What is the problem of social networking?

The main source of most of the problems with regard to social networking, is due to the users lack of understanding. Do all of the over 600 million users of Facebook know that the site actually conducts scientific research to try and make the site as compelling and addictive as possible? Or that the site takes multiple screenshots of each profile every hour to store forever? Laura Kinoshita, collector of this information, projects the idea that few people actually know to the full extent how social sites use your personal information. Social networking is the grouping of individuals into specific groups, like small rural communities or a neighbourhood subdivision. It is most unknown that this networking can also take place in person, as it is most commonly associated with being online, this leads to the idea that we are spending too much time behind a screen instead of in front of faces.

Social networking is the essential foundations to building relationships and communicating. This communication is what makes us human, however not only can online networking diminish our people skills, the misuse and abuse of social sites can have serious side effects. These side effects are becoming more and more frequent amongst the waves of generations. In the modern day, these generations are growing up with social networking as an integral part of their lives. The youth of today are becoming reliant on their mobiles, and sites such as Facebook and Twitter to keep ‘up-to-date’ with their worlds. There is a huge misconception that once deleted, posts are forever removed. Facebook in particular, keeps a record of everything, which can be a potential threat to individuals futures regarding universities and job recruitment. Although it is claimed that while they are brilliant inventions for communication, an info-graphic from letterbox provides the statistics that fifty percent of teens online only use the sites to observe others.The worry is that if the average teen spends five hours a day on social sites, fifty percent are spending this time obsessing over others lives.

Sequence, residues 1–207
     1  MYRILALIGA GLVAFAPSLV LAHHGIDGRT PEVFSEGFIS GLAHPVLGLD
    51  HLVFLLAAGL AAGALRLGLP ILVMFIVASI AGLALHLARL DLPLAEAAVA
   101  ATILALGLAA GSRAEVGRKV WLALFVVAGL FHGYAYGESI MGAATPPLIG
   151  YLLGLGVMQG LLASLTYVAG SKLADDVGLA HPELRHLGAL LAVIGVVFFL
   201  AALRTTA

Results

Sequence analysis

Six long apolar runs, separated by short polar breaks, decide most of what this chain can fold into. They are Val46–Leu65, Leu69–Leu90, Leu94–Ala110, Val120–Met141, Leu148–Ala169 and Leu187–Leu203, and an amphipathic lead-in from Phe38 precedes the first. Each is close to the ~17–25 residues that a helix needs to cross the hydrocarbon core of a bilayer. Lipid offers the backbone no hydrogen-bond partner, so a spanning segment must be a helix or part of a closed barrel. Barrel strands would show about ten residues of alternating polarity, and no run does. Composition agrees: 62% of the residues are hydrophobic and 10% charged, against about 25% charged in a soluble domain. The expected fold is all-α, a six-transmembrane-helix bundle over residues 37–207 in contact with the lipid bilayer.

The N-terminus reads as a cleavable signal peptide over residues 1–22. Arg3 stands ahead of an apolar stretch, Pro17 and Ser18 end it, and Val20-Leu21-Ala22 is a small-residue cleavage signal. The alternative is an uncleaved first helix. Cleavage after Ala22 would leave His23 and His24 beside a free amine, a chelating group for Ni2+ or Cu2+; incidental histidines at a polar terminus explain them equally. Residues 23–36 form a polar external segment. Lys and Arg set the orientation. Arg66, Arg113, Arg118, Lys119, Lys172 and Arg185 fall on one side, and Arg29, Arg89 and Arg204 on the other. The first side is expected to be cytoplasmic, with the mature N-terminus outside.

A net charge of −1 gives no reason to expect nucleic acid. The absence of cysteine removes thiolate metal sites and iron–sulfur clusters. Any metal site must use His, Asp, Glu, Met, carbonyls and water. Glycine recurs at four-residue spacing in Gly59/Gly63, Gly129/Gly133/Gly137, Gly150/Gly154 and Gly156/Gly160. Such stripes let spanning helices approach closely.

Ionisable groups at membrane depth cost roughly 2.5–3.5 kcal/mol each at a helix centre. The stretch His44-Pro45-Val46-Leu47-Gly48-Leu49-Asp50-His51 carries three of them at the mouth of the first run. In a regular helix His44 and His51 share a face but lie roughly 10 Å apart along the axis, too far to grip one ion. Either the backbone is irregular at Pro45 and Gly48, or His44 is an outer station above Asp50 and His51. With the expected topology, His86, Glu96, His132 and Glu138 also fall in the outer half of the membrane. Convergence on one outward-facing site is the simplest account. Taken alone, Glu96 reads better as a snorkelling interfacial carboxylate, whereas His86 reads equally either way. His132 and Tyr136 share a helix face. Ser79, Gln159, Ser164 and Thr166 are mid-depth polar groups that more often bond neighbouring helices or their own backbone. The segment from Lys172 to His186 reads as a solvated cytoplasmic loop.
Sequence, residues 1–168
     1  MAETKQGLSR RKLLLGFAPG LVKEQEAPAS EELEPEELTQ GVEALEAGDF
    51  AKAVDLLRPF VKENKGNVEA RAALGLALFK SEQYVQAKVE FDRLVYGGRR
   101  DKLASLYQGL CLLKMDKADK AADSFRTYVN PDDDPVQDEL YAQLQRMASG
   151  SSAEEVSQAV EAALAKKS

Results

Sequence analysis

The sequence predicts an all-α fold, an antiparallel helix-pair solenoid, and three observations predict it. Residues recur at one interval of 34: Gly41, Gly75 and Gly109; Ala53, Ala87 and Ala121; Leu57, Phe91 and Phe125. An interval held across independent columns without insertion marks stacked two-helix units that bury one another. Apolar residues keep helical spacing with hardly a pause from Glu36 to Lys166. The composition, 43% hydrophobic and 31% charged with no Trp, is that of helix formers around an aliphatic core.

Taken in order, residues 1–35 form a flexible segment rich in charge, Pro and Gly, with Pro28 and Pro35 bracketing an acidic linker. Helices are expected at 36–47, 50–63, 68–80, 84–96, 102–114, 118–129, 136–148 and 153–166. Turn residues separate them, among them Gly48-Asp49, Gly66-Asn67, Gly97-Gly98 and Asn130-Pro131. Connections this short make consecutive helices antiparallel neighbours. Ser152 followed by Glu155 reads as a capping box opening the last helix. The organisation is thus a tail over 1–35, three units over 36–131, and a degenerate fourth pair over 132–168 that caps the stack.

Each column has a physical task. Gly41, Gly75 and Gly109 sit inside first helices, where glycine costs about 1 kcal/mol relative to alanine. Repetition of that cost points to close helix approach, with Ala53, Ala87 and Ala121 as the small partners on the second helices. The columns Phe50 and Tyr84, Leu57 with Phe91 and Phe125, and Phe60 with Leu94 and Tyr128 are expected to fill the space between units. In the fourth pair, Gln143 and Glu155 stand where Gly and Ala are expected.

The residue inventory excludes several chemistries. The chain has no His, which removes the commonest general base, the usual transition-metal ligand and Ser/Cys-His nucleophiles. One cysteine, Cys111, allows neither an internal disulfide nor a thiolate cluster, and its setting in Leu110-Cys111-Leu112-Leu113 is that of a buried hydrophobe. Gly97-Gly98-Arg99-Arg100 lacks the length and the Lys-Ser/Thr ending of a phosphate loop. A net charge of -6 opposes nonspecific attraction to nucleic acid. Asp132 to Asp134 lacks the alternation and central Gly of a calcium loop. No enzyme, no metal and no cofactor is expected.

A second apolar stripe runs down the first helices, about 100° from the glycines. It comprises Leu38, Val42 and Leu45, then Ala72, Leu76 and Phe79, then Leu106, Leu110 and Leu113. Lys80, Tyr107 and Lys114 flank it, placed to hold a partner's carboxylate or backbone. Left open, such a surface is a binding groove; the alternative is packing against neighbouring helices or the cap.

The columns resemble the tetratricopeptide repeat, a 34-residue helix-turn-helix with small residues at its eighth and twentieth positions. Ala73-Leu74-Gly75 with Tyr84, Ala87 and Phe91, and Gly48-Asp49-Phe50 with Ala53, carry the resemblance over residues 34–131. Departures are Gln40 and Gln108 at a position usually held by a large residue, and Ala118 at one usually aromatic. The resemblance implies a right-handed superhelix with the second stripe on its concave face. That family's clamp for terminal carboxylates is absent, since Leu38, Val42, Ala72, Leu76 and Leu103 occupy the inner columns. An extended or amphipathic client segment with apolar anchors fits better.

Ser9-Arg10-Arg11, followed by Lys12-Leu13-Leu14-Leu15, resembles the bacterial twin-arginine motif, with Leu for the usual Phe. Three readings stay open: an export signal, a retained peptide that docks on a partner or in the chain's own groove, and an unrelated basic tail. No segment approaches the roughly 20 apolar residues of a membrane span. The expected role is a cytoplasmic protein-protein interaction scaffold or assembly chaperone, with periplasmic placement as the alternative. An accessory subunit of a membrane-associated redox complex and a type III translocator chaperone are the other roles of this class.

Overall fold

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This obsessing sets the grounds for cyber-bullying. The topic, which no one is stranger to, is often neglected, even though ninety-three percent of teen Facebook users have witnessed online cyber-bullying according to letterbox. The cruel reality, is that bullying doesn’t stop when they get home from school, social networking means the victim is inescapable from the bullying. The string of suicides and self-harm traced back to cyber-bullying have attracted the media’s attention in many cases, Ann Sedwick, killed herself at the age of twelve after being bullied by a group of up to fifteen of her peers and Chelsea Clark took her own life at thirteen years of age after being hounded on sites such as Ask fm and Formspring. The option of anomoylity of sites such as Ask fm, allows individuals to be targeted and abused with no way of defending themselves, and although the possibility of this occurring is more than clear, teenagers still create these ‘bully-me’ accounts. Most adults in the UK either have never heard of Ask Fm, or know very little about it, and yet over half of its 65 million users are under eighteen, and so far it has allegedly led to nine suicides.